herald

Saturday 16 December 2017

This year is the 30th anniversary of the poet Philip Larkin's death (1922-1985). His reputation has grown, and it is clear he may well have been the best poet of his generation, better than McNeice orAuden and even the smug Eliot.

This year is the 30th anniversary of the poet Philip Larkin's death (1922-1985). His reputation has grown, and it is clear he may well have been the best poet of his generation, better than McNeice orAuden and even the smug Eliot.

I got to know of him through Irish novelist Maeve Brennan, whose lover he was. At one time Maeve used to spend most of her evenings in the United Arts Club. She had a special laugh whenever Larkin came up in conversation, which she usually backed up with the information that "Philip's amorous adventures made Henry VIII look like a Cistercian monk".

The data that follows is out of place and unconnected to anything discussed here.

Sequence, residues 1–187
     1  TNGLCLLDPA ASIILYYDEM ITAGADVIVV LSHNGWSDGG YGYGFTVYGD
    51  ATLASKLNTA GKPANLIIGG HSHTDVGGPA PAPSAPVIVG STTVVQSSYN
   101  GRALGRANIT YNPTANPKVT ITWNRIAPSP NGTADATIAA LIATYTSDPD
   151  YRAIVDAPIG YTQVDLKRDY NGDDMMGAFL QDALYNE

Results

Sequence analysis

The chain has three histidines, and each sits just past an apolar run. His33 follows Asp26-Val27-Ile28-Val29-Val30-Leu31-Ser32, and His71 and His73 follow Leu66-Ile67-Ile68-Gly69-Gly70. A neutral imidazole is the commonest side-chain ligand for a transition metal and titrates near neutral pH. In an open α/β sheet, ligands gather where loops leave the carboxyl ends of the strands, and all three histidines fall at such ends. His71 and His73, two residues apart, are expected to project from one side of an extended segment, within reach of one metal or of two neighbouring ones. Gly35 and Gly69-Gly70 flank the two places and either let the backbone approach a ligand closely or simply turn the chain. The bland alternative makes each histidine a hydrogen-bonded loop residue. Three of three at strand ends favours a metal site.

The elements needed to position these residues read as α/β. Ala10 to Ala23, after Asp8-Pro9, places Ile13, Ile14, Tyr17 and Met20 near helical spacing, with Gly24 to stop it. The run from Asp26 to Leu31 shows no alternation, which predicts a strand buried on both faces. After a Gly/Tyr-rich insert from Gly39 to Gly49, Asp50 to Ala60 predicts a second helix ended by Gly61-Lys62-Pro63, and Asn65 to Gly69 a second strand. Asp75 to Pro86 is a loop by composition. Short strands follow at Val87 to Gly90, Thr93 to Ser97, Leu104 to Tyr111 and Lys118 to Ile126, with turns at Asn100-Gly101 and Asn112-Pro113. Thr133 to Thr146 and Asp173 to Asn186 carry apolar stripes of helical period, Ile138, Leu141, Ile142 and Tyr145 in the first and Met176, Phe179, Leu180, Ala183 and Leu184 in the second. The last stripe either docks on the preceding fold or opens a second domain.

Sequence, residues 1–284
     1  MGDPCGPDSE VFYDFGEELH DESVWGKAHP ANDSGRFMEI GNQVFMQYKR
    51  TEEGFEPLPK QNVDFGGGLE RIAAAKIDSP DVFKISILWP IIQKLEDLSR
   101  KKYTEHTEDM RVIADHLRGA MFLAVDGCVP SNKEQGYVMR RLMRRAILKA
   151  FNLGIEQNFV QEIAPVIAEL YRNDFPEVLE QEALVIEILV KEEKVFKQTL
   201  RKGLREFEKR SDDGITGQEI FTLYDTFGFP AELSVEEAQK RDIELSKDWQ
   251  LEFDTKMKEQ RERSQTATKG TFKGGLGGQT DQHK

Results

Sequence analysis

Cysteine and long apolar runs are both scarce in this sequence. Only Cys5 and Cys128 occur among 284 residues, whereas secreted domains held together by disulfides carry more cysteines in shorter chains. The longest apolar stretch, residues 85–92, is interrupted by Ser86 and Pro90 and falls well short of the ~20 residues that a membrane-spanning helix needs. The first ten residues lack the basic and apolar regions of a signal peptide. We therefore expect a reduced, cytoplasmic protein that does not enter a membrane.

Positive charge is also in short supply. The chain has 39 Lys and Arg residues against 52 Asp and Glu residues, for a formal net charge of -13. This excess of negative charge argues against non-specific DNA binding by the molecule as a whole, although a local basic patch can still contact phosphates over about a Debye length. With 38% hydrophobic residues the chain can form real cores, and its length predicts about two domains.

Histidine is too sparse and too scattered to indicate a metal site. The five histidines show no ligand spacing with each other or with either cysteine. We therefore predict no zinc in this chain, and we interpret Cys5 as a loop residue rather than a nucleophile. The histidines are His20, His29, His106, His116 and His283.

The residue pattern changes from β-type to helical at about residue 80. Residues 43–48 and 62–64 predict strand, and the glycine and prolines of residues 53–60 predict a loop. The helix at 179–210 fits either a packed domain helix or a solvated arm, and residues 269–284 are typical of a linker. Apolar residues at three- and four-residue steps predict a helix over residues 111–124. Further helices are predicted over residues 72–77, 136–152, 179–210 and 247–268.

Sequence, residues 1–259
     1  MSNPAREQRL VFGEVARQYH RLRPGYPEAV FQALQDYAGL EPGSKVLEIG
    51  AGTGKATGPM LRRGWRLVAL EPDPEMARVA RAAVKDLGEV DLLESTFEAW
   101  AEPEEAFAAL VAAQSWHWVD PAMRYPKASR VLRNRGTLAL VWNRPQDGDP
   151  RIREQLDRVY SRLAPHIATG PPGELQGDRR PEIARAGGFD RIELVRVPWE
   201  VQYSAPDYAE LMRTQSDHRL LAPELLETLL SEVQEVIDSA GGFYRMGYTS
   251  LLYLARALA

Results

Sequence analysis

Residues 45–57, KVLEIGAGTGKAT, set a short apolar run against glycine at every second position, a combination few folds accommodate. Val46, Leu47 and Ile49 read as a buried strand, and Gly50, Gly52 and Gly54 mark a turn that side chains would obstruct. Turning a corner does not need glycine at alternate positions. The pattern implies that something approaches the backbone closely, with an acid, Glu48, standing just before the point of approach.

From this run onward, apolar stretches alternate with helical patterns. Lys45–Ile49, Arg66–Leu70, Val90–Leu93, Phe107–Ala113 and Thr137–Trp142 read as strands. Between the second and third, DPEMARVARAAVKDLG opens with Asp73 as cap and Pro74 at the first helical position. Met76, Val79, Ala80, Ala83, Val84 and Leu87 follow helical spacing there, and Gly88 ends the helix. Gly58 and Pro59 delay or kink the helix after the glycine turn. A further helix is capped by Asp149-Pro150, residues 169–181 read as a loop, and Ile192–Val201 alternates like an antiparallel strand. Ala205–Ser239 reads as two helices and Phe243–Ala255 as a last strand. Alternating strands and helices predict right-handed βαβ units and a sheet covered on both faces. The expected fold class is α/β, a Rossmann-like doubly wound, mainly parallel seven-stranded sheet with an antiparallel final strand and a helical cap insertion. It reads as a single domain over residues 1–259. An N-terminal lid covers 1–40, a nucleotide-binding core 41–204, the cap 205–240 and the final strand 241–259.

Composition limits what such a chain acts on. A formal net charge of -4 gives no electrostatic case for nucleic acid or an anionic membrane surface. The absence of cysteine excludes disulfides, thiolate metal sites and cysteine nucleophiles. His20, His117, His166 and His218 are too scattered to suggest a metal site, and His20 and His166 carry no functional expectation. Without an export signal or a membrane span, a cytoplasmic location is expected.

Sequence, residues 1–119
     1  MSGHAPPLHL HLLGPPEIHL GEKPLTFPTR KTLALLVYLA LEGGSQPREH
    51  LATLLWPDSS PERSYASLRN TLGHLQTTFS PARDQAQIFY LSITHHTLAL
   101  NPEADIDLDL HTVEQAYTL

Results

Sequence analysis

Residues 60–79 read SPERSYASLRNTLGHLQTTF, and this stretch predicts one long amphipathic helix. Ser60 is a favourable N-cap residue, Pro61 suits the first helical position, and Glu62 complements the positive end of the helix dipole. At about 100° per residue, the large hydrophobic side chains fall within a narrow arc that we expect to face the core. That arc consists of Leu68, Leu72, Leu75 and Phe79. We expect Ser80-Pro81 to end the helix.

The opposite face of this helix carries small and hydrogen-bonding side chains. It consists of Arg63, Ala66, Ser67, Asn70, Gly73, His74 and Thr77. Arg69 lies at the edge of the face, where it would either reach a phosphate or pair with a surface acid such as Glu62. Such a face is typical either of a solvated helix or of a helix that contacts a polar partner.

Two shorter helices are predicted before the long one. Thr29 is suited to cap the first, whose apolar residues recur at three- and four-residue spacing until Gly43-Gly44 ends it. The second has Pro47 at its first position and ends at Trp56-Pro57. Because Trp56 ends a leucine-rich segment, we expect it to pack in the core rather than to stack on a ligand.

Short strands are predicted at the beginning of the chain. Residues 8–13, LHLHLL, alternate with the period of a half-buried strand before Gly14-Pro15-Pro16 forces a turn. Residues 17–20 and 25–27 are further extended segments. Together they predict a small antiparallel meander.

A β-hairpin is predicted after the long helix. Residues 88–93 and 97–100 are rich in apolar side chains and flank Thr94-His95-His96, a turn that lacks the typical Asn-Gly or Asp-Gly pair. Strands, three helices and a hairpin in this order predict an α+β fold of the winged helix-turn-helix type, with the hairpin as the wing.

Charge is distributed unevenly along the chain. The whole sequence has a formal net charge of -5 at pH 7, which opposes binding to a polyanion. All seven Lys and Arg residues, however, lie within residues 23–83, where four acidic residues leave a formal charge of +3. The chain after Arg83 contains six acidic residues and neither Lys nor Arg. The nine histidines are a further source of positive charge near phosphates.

Larkin never married, preferring to simmer in sexuality in an adventurous life, even dispensing with his religion which he dismissed as "that vast moth-eaten musical brocade created to pretend we never die".

Philip Larkin's verse has a bare rhythm which can carry to the ear intimate subtleties of sound.

In the poem here, when you read the first two lines the animal comes before you padding down the streets which "echo with silence", and what about the street lamp's battle with the inevitable coming of the morning sun?

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